Why Come They Ain’t Smart No More

I just watched the movie Idiocracy.  Two very average people get frozen for 500 years, and when they wake up they’re the smartest people left on Earth.

I have two complaints.

First, the movie opens with a shot of Earth as seen from space.  This just happens to be exactly (exactly) the same image I use as my desktop background, so the first 20 seconds of the movie made me wonder why the video wasn’t playing.  This may be unimportant to the larger audience.

Second, it was meant to be a comedy – and it had some funny jokes – but I’m pretty sure its premise is exactly right.  The film opens with a narrative about how the intelligent couples of the world are all busy having intelligent discussions about when to have children, while hillbilly Cletus who doesn’t understand birth control has a dozen children with three different women and his family tree flourishes.

With the natural forces of evolution no longer able to remove any but the most catastrophically stupid from the gene pool, it really is a question of who’s reproducing most.  The evidence is all around us.
Comedian Greg Giraldo does a great bit about letters that civil war soldiers – 17 year old kids – wrote home from the battlefield.  He recites an example:

My dearest Hannah,

This morn finds me wracked with the fiery pangs of your absence.  I’ll bear your cherished memory with me as I battle the forces of tyranny and oppression.

Then he speculates what letters from Gulf War soldiers must sound like:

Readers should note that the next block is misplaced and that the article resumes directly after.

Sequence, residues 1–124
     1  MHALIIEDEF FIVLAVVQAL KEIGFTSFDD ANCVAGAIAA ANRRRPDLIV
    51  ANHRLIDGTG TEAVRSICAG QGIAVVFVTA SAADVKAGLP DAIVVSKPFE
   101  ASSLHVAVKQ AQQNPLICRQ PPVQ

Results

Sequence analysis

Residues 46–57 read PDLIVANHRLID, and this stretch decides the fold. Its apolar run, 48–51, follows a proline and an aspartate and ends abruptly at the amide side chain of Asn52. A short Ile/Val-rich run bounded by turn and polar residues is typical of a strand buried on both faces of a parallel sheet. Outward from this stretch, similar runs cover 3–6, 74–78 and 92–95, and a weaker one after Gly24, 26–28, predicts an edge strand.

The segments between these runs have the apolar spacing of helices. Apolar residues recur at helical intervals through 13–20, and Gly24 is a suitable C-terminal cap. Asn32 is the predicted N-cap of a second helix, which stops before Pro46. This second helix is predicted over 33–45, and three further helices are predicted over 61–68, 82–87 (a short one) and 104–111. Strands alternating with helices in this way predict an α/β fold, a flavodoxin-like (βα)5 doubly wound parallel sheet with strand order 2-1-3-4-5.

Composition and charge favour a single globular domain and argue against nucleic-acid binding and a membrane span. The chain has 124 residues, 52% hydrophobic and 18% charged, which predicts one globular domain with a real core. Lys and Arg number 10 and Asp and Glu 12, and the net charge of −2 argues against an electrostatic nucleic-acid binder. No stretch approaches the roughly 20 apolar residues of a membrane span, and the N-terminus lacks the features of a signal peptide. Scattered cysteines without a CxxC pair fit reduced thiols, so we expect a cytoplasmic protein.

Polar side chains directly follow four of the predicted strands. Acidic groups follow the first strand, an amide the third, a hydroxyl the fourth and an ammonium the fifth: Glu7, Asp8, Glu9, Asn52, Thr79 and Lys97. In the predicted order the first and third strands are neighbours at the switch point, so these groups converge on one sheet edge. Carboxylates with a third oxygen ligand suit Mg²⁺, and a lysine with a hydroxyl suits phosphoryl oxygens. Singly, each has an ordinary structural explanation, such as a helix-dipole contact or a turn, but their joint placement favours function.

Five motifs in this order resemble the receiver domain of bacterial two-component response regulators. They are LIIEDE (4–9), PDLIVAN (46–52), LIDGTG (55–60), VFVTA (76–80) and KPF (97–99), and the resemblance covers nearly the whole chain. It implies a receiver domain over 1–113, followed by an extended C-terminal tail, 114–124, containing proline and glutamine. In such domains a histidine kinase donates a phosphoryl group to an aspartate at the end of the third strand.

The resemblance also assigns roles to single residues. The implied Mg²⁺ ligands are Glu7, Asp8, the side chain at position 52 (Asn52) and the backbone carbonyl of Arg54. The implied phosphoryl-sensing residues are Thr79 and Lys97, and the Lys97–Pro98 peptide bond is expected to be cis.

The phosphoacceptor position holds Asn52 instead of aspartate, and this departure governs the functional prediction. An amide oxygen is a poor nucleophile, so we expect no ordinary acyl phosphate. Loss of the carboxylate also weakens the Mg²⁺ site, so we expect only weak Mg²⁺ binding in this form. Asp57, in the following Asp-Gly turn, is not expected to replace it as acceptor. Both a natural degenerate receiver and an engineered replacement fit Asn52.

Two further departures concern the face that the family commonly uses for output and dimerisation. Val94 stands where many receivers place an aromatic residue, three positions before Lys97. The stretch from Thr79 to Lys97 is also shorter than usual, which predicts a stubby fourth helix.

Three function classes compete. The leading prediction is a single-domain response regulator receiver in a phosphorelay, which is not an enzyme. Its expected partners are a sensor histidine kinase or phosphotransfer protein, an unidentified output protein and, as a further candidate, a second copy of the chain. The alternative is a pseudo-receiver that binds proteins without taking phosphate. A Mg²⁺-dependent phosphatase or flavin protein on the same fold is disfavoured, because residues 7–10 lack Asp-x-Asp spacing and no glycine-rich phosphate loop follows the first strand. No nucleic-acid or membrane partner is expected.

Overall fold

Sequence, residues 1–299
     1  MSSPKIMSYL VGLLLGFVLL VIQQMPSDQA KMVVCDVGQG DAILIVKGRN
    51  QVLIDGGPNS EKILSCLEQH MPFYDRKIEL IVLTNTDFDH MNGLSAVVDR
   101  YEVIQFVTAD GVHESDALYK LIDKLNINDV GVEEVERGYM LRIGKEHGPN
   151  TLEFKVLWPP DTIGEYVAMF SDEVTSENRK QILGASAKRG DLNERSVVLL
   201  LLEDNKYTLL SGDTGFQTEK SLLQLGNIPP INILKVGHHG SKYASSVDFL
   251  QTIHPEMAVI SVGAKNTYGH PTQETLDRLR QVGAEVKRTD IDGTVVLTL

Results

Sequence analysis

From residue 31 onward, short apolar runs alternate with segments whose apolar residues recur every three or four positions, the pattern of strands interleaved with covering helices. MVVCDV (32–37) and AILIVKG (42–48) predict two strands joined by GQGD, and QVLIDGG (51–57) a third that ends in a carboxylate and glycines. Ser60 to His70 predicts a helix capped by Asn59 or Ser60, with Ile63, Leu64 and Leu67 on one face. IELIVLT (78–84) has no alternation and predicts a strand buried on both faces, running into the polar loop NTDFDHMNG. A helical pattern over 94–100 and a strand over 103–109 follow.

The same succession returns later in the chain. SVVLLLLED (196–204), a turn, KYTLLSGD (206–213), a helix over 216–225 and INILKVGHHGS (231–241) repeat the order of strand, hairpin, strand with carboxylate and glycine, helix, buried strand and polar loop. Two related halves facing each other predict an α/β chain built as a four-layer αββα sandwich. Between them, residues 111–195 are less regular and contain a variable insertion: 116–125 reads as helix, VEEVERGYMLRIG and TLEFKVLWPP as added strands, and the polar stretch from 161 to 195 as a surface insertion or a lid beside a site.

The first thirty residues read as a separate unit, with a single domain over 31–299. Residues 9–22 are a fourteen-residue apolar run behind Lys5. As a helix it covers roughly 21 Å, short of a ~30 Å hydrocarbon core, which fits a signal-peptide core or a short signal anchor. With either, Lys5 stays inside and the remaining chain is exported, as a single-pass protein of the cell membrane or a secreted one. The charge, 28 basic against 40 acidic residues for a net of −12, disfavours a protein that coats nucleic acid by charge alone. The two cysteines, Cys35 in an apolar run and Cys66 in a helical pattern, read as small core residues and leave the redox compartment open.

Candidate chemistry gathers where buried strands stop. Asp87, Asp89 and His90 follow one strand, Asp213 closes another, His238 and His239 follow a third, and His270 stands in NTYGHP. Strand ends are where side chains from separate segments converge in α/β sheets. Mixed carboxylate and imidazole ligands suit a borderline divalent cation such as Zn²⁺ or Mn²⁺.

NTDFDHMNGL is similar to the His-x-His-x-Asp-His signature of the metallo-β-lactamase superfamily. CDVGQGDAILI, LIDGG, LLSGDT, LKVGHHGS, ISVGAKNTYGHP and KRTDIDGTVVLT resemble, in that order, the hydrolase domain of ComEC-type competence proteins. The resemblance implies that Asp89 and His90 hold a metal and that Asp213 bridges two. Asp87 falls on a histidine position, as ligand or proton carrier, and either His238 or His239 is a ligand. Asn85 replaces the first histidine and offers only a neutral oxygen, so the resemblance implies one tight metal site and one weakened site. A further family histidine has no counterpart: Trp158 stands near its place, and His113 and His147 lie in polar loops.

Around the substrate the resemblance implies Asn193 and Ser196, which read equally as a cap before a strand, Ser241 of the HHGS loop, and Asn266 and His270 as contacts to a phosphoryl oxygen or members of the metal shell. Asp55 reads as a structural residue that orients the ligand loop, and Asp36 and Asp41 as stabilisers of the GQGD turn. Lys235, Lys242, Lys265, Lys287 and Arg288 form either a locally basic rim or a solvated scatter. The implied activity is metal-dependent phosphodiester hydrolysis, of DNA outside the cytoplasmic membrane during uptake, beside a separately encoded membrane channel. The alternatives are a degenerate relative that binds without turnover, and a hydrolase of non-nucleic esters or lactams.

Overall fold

Dear Marie,

It is hot as $%^ out here!  … It is very, very hot, and I am very, very sweety (sic).  It is very, very hot out here because I am in the dessert (sic).  What else did I wanna axe you?  Oh yeah!  Don’t $%^& nobody ’til I get back!

(And now let’s pause for a moment to reflect that “‘very very hot’ Civil War soldier” was just an awful choice of search string ot use when trying to find that quote.  Now Google thinks I’m gay, with a Civil War fetish.)

The movie gets no more than two stars for being funny, but five for obliterating all remaining hope for the future of humanity.

Gary, Indiana, Let Me Say it Once Again

At first the trailer for American Teen looks like a cliché flick about life in high school. Then it becomes clear it’s a documentary about genuine cliché teens – who are cliché for a reason. It reminds me a lot of This American Life, though there’s no real connection.

You must watch the trailer, if only to hear an actual real-life high school guy say aloud in the presence of a girl, “There’s a lot of grease on the table now. Because I put my face on it.”